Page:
SEC Provides Form S-3 Coronavirus Relief – Securities Lawyer 101

The SEC’s Division of Corporate Finance recently provided new COVID-19 related guidance in the form of Frequently Asked questions for issuers using Form S-3 registration statements.  The SEC previously provided relief to issuers impacted by coronavirus which  are unable to file timely because of “circumstances related to COVID-19 ( the “COVID-19 SEC Order”).

The SEC’s relief included conditional 45-day extensions to submit certain SEC reports and filings that had original deadlines between March 1 and July 1, 2020.  The new SEC guidance provides relief to issuers relying on Form S-3 registration statements to register securities. For issuers who qualify, Form S-3 is the most cost- and time-efficient registration statement to prepare because it allows issuers to incorporate certain disclosures previously filed with the SEC. 

Form S-3 Registration Statement Eligibility

Only certain SEC reporting issuers can register securities on Form S-3.  For an issuer to register securities on Form S-3, the issuer must:

  • Have a class of securities registered under Section 12, or have been subject to Section 15(d), of the Exchange Act for the past 12 months;
  • Have timely filed all Exchange Act reports required to be filed during the past 12 months, other than any Form 8-K reports required solely under Items 1.01, 1.02, 1.04, 2.03, 2.04, 2.05, 2.06, 4.02(a) or 5.02(e);
  • Not have defaulted on any material debt or long-term lease since the end of the most recent fiscal year;
  • Not have failed to pay any dividend or sinking fund installment on preferred stock since the end of the most recent fiscal year; and
  • Have filed with the SEC and posted on its corporate website all interactive data files (XBRL information) required to have been filed during the past 12 months (and any portion of the month in which the issuer intends to file the registration statement).
Form S-3 Registration Statement Transaction Requirements

If an issuer satisfies the issuer requirements above, it can use Form S-3 for offerings that comply with certain transaction requirements.  If the issuer has a public float of $75 million or more, it can register any offering of debt or equity for cash on a Form S-3 registration statement.

If an issuer has a public float of less than $75 million, it can register the following securities offerings on a Form S-3 registration statement:

  • secondary offerings of securities that are of a class listed on a national securities exchange;
  • primary offerings of non-convertible securities if the issuer:
  • has issued at least $1 billion in aggregate principal amount of non-convertible securities (other than common equity) in registered primary offerings for cash in the past three years;
  • has at least $750 million in aggregate principal amount of non-convertible securities (other than common equity) outstanding, which were issued in registered primary offerings for cash;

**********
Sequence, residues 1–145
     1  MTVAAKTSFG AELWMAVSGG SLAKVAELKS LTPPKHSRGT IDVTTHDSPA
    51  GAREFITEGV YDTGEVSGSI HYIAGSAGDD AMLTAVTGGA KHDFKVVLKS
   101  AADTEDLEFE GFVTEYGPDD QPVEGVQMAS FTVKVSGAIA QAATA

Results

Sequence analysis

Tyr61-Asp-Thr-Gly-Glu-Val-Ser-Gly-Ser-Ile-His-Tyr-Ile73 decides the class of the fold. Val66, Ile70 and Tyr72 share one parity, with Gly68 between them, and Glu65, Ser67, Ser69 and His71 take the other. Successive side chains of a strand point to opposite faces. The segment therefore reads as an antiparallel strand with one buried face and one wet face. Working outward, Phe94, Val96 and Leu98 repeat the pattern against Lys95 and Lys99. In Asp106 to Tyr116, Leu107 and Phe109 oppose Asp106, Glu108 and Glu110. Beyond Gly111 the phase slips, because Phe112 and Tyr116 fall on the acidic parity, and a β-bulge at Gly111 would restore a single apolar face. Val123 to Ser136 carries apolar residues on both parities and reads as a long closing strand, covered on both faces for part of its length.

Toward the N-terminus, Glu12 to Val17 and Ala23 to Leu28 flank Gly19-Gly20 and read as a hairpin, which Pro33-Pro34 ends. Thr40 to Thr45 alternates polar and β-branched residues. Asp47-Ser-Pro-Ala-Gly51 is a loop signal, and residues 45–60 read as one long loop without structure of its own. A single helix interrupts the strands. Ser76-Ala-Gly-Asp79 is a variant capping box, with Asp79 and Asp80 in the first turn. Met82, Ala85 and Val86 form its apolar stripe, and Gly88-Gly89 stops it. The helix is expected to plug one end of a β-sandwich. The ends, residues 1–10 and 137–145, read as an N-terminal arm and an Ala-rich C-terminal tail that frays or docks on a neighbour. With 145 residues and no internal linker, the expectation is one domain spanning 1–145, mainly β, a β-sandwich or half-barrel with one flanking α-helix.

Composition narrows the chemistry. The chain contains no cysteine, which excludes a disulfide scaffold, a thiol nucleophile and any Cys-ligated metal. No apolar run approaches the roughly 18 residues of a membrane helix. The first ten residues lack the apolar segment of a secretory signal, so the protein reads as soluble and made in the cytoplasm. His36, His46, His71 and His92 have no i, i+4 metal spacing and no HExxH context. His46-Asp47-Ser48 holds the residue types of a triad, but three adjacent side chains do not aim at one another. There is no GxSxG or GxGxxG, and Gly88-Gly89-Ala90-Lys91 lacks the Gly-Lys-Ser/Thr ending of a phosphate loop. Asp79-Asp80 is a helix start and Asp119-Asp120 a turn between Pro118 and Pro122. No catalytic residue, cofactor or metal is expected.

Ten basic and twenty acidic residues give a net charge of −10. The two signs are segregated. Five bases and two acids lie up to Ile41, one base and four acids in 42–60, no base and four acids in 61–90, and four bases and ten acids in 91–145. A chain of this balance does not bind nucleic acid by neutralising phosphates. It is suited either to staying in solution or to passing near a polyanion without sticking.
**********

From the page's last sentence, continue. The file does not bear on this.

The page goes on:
• is a wholly-owned subsidiary of a well known seasoned issuer;
  • is a majority-owned operating partnership of a Real Estate Investment Trust that is a well known seasoned issuer; or
  • securities to be offered upon the exercise of outstanding convertible securities or rights under a dividend or interest reinvestment plan.

Any primary offering if the issuer meets all of the following additional requirements:

  • is not and has not been a shell issuer at least the past 12 months;
  • has a class of common stock listed on a national securities exchange;
  • has not sold securities under the rule (including the securities proposed to be sold in the follow-on offering) in an amount exceeding one-third of its public float during the past 12 months.
COVID-19 Extensions for Certain SEC Reporting Requirements

To rely on the COVID-19 SEC Order in connection with Form S-3, the issuer must be impacted by the coronavirus pandemic and file a Current Report on  Form 8-K or Form 6-K, if applicable. The Form 8-K or 6-K must include the following:

  • a statement the issuer is relying on the COVID-19 SEC Order;
  • a brief description of the reasons why the issuer was not able to submit delayed report, schedule or form on a timely basis;
  • the estimated date by which the issuer expects the report, schedule or form to be filed; and
  • issuer specific factors explaining any material impact of COVID-19 SEC on the issuer.

If the issuer cannot provide the report, schedule or form because any person, other than the issuer, is unable to furnish a required opinion, report or certification, the issuer must provide a statement signed by the person indicating the specific reasons why he or she is unable to furnish the required opinion, report or certification on or before the original due date of the report. The statement must be filed as an exhibit to the Form 8-K or Form 6-K, as applicable. The issuer must also disclose that it is relying on the COVID-19 SEC Order and explain why it could not timely submit the report, schedule or form.